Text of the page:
In any case, the decision of Mrs. Shipley left the matter where it had been for some years. She knew, as did Mr. Nicholas, that for seven years the ISL had been trying to get a hearing from the successive Attorneys General without avail. Unless such a hearing was held and the ISL had an opportunity to challenge its listing Shachtman would have to wait an indefinite number of years before a decision on his right to have a passport would be decided definitively!

That is the background to the Shachtman passport case. The case was taken to court in Washington. The lower court upheld the State Department and the case went to the Circuit Court of Appeals where a hearing was held in mid-February. No decision has as yet been handed down, although four months have passed since the case was heard. It is obvious that the case, while not fundamentally different from the Nathan case, involves some special legal questions, since obviously, the Shipley decision, points a finger directly at the Attorney General. It does not seem possible that the Circuit Court of Appeals can come to any favorable decision without taking into account the Attorney General’s list, constructed without notice or hearings of any kind.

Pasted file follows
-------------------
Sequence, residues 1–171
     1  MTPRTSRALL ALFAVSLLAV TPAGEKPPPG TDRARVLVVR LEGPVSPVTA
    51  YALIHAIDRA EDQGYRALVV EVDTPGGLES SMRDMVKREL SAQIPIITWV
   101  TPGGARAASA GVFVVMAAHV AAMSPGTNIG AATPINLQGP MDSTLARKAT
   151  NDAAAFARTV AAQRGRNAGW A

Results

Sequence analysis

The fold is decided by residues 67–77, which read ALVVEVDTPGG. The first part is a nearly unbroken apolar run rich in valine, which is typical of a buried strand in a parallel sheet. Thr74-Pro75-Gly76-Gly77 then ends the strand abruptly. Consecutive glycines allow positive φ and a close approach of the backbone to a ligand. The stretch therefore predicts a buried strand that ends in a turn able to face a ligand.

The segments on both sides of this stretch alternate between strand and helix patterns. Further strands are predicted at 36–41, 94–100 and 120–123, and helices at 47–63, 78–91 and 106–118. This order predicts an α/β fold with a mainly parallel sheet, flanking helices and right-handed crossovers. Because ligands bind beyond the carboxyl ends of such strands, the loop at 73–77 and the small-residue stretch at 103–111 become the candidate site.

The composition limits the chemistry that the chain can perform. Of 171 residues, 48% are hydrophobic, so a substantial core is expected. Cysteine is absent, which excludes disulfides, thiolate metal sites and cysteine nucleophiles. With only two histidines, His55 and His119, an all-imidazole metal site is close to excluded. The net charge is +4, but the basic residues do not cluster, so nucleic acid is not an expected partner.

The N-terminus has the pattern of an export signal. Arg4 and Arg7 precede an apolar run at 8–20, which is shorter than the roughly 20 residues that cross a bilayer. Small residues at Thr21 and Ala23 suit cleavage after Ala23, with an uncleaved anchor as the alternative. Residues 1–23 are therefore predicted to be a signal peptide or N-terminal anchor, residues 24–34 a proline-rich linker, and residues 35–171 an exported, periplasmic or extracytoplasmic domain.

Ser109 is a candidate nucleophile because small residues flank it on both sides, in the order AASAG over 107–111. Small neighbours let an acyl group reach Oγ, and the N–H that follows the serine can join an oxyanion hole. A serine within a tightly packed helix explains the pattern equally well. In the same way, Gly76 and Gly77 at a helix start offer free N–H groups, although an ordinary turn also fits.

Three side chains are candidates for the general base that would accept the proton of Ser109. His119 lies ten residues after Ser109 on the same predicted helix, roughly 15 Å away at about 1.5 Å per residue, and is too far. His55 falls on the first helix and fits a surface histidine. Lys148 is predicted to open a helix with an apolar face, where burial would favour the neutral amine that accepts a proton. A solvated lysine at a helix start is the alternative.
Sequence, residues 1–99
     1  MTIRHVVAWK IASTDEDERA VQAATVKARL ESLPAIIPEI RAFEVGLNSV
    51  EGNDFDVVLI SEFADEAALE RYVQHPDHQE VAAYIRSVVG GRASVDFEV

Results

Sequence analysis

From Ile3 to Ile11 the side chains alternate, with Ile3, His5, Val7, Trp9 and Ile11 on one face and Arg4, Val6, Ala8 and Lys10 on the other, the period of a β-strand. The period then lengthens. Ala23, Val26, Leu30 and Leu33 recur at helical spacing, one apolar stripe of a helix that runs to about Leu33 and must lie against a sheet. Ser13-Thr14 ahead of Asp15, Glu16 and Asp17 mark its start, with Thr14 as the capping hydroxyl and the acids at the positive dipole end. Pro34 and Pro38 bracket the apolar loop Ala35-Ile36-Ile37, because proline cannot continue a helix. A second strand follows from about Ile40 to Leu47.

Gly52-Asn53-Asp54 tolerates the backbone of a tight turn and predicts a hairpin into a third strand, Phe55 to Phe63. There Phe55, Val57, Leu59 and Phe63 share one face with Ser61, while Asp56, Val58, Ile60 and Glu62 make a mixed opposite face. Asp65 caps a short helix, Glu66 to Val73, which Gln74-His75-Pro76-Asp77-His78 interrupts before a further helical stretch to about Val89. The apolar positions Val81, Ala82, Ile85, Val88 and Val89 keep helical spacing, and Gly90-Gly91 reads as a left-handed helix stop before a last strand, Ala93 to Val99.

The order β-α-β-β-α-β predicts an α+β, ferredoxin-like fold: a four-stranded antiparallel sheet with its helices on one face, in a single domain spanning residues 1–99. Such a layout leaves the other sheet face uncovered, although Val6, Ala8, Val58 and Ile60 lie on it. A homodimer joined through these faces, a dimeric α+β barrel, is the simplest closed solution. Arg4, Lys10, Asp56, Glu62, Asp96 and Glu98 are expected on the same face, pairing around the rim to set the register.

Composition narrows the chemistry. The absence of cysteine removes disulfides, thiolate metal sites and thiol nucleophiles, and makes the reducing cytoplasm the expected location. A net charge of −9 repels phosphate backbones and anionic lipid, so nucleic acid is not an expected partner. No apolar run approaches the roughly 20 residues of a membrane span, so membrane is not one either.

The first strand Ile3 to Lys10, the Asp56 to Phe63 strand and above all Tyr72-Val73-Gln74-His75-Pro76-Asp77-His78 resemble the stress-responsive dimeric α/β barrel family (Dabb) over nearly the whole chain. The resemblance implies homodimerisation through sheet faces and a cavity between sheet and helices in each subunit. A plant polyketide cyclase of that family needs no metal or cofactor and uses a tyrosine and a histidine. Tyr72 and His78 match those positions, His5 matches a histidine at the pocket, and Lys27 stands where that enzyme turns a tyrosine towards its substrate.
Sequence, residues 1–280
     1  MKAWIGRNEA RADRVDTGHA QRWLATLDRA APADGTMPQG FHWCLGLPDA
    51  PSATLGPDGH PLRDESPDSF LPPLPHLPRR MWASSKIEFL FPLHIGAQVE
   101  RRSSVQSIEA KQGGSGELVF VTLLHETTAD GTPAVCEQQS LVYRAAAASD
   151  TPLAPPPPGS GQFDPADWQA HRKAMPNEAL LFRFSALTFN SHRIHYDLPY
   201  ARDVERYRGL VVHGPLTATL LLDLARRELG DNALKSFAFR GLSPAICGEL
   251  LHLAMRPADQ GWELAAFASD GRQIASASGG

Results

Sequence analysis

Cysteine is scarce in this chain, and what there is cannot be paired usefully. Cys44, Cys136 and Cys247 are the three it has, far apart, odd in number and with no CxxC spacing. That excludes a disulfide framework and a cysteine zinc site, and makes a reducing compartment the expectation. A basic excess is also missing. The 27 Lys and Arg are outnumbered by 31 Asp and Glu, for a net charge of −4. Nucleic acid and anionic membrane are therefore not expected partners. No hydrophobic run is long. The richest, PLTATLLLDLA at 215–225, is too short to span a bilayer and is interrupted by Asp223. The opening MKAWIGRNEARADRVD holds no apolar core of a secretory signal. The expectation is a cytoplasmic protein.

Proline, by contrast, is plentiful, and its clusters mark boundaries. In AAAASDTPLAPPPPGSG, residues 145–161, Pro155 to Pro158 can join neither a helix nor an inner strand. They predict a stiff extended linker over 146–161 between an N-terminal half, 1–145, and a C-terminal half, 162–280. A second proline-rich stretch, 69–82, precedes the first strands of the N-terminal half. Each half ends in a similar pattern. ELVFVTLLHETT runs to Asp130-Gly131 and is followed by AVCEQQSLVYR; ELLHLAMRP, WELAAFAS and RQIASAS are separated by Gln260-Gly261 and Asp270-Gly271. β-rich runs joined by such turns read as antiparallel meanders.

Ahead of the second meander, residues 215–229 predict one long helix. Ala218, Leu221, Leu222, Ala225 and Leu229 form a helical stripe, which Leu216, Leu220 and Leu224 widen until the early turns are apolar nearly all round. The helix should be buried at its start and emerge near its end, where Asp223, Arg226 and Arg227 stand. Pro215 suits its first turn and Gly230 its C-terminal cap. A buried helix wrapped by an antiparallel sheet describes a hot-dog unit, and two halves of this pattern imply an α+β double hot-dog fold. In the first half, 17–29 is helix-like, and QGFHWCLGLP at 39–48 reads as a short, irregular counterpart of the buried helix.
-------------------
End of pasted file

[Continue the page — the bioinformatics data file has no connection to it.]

The two cases involve an attack on the whole security program of the administration from a rather surprising angle. Ordinarily, it would have appeared that the best challenge to the government program on security, based as it is on administrative decree, the information of stool-pigeons, of unevaluated FBI reports, was a direct case of government employment. But in the matter of Dr. J.P. Peters v. The United States Government, an employee case, the Supreme Court evaded the fundamental constitutional questions, in favor of an administrative one in which it found the position of the government wanting.